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Z. SMITH REYNOLDS FOUNDATION EXECUTIVE DIRECTOR TO RETIRE

The Z. Smith Reynolds Foundation today announced the upcoming retirement of Executive Director Leslie Winner. Winner will remain with the Foundation through March 2016.

“For the past seven years, Leslie has provided matchless leadership for the Z. Smith Reynolds Foundation, and we will miss her dearly,” said Lloyd P. (Jock) Tate Jr., president of the Foundation’s Board of Trustees. “We look forward to working with her over the next nine months to set a path for the Foundation’s future success.”

Winner joined the Z. Smith Reynolds Foundation as executive director in 2008. During Winner’s tenure, the Foundation has worked with business, civic and education leaders to build public support for teachers and public education. For example, the Foundation supported an initial conference and efforts that led to the creation of BEST NC, an organization of business leaders who present elected officials with a business rationale and recommendations for supporting public education.

More often, however, the Foundation under Winner’s leadership has collaborated with local nonprofit organizations throughout North Carolina. The Foundation helped many of them navigate through the economic downturn that began in 2008. For example, a Z. Smith Reynolds grant enabled the N.C. Pottery Museum to hire a director to strengthen that organization’s long-term financial stability.

Much of Winner’s career prior to leading the Foundation focused on providing each of North Carolina’s children with a fair opportunity to receive a good education. Foundation grants under her leadership have helped organizations establish leadership programs for school principals, supported local collaborative efforts to better meet developmental needs of young children and helped local school districts develop programs to support and retain their newest teachers.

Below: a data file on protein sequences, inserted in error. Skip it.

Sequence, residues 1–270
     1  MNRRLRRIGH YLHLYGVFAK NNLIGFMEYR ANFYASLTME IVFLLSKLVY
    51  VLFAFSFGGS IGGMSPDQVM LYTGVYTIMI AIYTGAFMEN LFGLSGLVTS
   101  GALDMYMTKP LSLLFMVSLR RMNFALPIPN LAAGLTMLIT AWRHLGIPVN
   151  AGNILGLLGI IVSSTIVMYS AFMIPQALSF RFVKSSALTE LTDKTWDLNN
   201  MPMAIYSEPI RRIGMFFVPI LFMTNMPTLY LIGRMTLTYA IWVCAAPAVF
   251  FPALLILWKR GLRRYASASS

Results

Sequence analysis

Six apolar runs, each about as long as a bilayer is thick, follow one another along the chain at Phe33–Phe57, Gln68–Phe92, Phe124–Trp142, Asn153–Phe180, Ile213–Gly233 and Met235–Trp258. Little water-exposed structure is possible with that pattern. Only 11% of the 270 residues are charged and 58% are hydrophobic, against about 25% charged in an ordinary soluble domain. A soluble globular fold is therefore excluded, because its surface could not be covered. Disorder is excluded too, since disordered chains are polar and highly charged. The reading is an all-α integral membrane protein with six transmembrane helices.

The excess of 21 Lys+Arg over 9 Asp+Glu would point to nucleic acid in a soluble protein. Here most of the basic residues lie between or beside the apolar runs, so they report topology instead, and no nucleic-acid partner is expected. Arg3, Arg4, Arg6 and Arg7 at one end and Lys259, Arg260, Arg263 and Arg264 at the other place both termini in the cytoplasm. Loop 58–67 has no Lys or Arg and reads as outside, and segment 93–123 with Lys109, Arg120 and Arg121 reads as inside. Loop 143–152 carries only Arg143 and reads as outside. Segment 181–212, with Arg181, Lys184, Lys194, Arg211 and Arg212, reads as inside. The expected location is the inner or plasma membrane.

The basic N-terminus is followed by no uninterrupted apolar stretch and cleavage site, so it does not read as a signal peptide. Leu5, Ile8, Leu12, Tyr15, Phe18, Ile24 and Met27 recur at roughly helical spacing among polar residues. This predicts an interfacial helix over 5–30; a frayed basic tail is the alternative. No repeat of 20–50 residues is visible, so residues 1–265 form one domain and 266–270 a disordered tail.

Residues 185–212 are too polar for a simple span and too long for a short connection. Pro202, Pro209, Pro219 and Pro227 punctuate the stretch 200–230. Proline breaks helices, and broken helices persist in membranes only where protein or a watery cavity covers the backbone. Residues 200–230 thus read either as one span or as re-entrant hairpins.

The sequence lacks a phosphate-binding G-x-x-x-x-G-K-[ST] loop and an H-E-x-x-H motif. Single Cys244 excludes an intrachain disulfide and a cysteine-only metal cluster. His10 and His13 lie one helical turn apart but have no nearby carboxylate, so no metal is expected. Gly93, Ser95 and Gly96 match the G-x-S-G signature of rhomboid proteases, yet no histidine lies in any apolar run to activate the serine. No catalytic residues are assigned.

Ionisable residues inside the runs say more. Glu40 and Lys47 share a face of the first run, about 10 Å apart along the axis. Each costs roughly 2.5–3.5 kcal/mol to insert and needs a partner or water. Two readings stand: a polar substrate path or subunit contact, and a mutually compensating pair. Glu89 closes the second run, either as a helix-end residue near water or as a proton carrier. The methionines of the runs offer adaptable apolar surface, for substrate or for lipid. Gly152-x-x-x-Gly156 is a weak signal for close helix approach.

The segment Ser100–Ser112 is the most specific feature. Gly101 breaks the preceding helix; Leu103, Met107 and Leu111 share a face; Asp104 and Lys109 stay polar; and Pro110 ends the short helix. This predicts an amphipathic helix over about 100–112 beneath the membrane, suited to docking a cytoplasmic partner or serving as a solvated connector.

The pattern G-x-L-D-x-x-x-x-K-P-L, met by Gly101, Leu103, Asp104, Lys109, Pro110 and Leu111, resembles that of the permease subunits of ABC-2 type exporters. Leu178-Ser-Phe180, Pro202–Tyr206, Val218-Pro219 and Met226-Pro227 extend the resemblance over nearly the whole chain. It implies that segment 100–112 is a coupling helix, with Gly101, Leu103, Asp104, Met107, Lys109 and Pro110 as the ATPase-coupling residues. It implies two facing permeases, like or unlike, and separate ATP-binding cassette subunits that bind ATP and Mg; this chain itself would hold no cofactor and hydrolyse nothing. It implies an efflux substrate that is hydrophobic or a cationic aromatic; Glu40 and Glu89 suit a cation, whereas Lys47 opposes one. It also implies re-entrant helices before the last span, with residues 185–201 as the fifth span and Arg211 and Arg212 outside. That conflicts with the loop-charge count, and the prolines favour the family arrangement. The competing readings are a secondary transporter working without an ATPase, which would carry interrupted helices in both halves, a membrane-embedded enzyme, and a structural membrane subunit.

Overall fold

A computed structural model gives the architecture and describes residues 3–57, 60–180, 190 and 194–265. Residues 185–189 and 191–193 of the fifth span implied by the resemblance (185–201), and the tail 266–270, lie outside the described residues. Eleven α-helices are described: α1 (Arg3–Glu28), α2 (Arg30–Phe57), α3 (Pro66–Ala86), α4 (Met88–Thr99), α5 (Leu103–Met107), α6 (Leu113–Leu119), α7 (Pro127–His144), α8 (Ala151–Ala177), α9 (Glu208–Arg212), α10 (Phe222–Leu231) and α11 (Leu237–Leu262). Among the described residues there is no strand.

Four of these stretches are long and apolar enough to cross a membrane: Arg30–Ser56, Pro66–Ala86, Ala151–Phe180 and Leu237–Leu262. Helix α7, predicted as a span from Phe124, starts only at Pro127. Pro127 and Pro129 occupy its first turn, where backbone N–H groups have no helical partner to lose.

“My interest in strengthening public education aligned with a longstanding Z. Smith Reynolds focus on education,” Winner said. “I also think a community can’t just have good schools. Communities also need sound community economic development and pathways to living wage jobs, a sustainable environment and a vibrant democracy with as many voters participating as possible. “

GDOT MANAGER RECEIVES STATE RECOGNITION FOR PROJECT PAR- TICIPATION

Tyler Meyer, planning manager with the City’s Transportation Department, has been recognized by NC Department of Transportation (NCDOT) Secretary Anthony Tata as a “Road Gang Member.” The designation is for Meyer’s recent efforts serving on the state’s Strategic Prioritization of Transportation (SPOT) Team. Most team members were NCDOT officials; Meyer was one of only two municipal representatives on the team.

SPOT developed a scoring matrix used by NCDOT to rank and prioritize state transportation improvement projects. That matrix was presented to the state legislature’s Transportation sub-committee for approval.

“Statewide transportation funding is a highly competitive process and having Tyler on the SPOT Team is definitely an advantage for the Greensboro area,” said

Adam Fischer, City transportation department head. “Tyler was intricately involved in developing the statewide scoring process and we were able to position critical transportation projects in the Greensboro area in the most favorable position through his insight into the prioritization process.” !

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